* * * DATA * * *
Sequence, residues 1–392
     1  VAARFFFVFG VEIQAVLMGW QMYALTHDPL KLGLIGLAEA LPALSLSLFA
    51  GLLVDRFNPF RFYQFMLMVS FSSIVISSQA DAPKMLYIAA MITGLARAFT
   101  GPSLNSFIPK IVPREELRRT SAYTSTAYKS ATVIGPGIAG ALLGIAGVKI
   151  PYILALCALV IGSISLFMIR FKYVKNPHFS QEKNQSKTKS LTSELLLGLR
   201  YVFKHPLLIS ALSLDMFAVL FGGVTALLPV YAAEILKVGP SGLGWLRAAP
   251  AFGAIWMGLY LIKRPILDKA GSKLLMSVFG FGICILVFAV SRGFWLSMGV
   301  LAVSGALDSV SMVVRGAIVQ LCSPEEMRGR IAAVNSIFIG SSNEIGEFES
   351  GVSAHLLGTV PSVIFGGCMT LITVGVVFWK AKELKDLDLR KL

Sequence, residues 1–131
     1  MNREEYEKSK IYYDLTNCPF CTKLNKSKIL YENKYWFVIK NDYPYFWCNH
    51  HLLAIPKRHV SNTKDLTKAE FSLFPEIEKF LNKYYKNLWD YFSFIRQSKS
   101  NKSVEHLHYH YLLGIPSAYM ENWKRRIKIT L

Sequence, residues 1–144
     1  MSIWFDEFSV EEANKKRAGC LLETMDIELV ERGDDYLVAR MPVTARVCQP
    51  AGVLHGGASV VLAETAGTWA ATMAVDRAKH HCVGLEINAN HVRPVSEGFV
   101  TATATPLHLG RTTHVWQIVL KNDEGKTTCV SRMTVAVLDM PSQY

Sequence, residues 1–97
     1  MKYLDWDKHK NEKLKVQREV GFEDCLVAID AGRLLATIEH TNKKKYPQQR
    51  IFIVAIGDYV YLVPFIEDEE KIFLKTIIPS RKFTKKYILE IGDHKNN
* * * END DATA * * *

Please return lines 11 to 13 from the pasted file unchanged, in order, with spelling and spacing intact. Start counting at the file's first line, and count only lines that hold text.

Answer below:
     1  MNREEYEKSK IYYDLTNCPF CTKLNKSKIL YENKYWFVIK NDYPYFWCNH
    51  HLLAIPKRHV SNTKDLTKAE FSLFPEIEKF LNKYYKNLWD YFSFIRQSKS
   101  NKSVEHLHYH YLLGIPSAYM ENWKRRIKIT L